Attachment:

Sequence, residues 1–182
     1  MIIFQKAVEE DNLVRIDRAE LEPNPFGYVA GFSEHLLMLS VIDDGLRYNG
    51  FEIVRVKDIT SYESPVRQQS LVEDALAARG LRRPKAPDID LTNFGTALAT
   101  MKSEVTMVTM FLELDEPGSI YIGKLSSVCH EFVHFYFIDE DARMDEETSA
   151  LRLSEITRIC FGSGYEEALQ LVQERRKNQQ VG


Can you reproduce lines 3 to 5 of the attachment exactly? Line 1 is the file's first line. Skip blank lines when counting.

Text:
    51  FEIVRVKDIT SYESPVRQQS LVEDALAARG LRRPKAPDID LTNFGTALAT
   101  MKSEVTMVTM FLELDEPGSI YIGKLSSVCH EFVHFYFIDE DARMDEETSA
   151  LRLSEITRIC FGSGYEEALQ LVQERRKNQQ VG